Malaysia's last Sumatran rhino no more

Kristina Flexman on the demise of the last known individual in Malaysia of a critically endangered species

Kristina Flexman
10th December 2019
Within the last 20 years the population of Sumatran rhinos has declined by 70%, and hence, within our lifetimes, we could see the disappearance of the world’s most primitive rhino.

In 2008, the IUCN classed the Sumatran Rhino as critically endangered, with 220 – 275 individuals remaining. At the time, conservation programmes and international legislations were in place in attempt to help the species, but despite these efforts, the population now dwindles at fewer than 80 individuals (with some estimates as low as 30).

The death of 25-year-old Iman on the 23rd November 2019 marks the annihilation of the Malayan population of Sumatran Rhinos. A species which once roamed Asia and parts of India, is now restricted to just 5 fragmented populations within Indonesia. The populations have been isolated and cut off from each other due to deforestation and mountainous terrain, meaning the probability of rhinos meeting and interbreeding is reduced immensely. As numbers decrease, the likelihood of survival rapidly decreases. To enhance this problem, the fertility of females decreases if they do not regularly mate, as they have a tendency to grow cysts in their reproductive tracts. Iman herself suffered from these cysts, and failed to reproduce when introduced to Tam (the last male Sumatran rhino in Malaysia, who died in May this year).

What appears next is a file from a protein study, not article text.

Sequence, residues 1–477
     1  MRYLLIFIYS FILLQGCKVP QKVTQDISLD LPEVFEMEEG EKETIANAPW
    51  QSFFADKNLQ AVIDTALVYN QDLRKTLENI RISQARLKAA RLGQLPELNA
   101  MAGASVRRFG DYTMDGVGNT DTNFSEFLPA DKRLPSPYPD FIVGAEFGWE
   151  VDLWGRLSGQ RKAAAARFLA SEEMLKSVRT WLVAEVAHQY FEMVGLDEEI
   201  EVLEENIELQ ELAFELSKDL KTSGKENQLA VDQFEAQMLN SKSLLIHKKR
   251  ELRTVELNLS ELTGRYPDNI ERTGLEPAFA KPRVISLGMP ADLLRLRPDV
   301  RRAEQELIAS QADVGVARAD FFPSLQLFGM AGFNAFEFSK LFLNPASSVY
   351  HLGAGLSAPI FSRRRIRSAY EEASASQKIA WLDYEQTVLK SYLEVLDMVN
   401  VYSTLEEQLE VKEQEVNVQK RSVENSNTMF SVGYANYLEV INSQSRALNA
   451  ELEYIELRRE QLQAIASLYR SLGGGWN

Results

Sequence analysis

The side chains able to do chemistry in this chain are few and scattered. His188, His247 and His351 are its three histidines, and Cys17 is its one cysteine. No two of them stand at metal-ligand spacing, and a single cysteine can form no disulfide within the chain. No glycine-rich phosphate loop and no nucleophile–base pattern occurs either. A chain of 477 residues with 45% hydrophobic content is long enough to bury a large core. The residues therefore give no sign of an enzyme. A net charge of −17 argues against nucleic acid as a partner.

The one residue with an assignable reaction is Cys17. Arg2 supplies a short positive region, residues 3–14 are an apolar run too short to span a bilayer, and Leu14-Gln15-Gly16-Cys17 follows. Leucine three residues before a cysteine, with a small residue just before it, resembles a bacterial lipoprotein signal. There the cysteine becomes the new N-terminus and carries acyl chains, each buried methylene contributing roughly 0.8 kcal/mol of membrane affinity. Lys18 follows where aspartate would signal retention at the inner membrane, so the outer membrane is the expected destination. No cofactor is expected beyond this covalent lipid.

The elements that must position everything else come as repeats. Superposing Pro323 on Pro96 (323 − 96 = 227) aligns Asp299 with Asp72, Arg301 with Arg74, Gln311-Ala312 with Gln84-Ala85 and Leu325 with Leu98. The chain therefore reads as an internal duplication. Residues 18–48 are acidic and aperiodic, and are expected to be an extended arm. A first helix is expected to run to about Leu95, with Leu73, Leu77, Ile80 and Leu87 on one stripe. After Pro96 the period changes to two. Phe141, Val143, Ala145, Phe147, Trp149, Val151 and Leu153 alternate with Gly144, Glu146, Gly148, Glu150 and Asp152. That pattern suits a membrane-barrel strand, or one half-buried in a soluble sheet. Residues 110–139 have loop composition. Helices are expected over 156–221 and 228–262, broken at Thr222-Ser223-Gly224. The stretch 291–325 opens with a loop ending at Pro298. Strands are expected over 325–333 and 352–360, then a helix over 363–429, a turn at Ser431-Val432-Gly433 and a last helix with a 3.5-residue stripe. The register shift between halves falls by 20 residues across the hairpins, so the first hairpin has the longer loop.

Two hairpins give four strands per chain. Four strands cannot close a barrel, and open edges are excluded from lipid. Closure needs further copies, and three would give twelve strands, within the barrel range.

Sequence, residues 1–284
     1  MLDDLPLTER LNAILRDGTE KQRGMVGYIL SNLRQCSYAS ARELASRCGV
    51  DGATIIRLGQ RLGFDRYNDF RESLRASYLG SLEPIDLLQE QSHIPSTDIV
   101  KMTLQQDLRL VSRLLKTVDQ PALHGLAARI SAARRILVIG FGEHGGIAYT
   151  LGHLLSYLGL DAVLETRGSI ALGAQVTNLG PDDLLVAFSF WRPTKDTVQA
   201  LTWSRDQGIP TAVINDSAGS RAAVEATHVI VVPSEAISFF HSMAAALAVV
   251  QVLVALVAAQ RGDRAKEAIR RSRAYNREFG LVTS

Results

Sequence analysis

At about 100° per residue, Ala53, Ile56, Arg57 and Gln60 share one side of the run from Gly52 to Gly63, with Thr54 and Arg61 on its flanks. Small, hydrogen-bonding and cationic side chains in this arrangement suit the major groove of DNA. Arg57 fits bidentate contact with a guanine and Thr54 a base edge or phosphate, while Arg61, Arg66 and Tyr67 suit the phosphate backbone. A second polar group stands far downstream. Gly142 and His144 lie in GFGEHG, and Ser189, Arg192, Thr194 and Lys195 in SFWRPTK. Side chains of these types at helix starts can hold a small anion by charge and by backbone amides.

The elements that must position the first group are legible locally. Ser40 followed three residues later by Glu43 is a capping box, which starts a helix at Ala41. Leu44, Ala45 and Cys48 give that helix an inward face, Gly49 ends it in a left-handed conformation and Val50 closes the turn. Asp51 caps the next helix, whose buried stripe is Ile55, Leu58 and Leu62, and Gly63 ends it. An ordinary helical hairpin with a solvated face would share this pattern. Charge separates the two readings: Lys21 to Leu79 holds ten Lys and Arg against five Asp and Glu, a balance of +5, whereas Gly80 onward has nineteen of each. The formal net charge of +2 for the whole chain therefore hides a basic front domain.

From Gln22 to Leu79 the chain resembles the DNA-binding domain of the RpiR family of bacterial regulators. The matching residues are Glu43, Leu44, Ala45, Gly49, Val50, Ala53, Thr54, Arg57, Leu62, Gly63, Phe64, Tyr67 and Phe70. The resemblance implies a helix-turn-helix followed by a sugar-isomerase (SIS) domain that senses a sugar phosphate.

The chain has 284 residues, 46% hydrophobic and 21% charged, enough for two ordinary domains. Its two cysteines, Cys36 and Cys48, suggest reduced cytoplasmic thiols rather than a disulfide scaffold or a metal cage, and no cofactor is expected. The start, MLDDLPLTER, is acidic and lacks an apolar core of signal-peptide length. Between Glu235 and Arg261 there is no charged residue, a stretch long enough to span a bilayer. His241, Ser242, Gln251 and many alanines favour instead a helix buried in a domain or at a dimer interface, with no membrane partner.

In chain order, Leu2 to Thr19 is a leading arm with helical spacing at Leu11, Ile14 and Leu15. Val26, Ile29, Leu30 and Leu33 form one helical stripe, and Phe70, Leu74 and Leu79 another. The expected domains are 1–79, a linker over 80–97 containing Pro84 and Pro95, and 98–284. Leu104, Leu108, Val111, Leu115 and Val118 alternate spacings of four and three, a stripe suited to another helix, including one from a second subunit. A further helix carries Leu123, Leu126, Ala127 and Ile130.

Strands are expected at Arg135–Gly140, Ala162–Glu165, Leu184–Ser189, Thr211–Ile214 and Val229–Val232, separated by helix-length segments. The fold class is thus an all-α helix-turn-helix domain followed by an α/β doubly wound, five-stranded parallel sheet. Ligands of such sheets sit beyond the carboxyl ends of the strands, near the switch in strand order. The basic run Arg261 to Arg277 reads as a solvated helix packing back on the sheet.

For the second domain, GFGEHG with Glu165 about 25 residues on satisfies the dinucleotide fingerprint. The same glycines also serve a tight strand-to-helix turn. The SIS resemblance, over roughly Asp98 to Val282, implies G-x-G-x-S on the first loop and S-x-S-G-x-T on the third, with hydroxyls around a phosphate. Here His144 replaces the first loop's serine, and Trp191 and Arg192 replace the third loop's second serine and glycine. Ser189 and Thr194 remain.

Despite the doom and gloom, survival of the Sumatran rhino might be possible if large efforts are taken in Indonesia.

The Sumatran Rhino Rescue alliance is working with the Indonesian government to build two new Sumatran rhino sanctuaries, and to bring all Sumatran rhinos into a single breeding programme. In their first year of action, they found and relocated a healthy female rhino (Pahu), they grew in terms of number of partners (joining with zoological societies from all over the world), and three more rhinos have been identified in need of relocation.

Hope for the future relies on IVF, captive breeding, and protection of the species, all of which have been of increasing interest and investment in recent years. A large amount of funding is required, for example relocation of each rhino costs $800,000, and development of sanctuaries by the alliance is likely to cost $2.8 million.

With habitat loss from deforestation, it is uncertain whether the Sumatran rhino will ever thrive in the wild again, but we do know that right now is an absolutely critical time for conservation of the species.

Sumatran rhinos make up a tiny proportion of 25% of all mammals which are threatened by extinction. The death of Iman serves as a reminder that 2019 is a critical time for all species threatened by deforestation, poaching and climate change.

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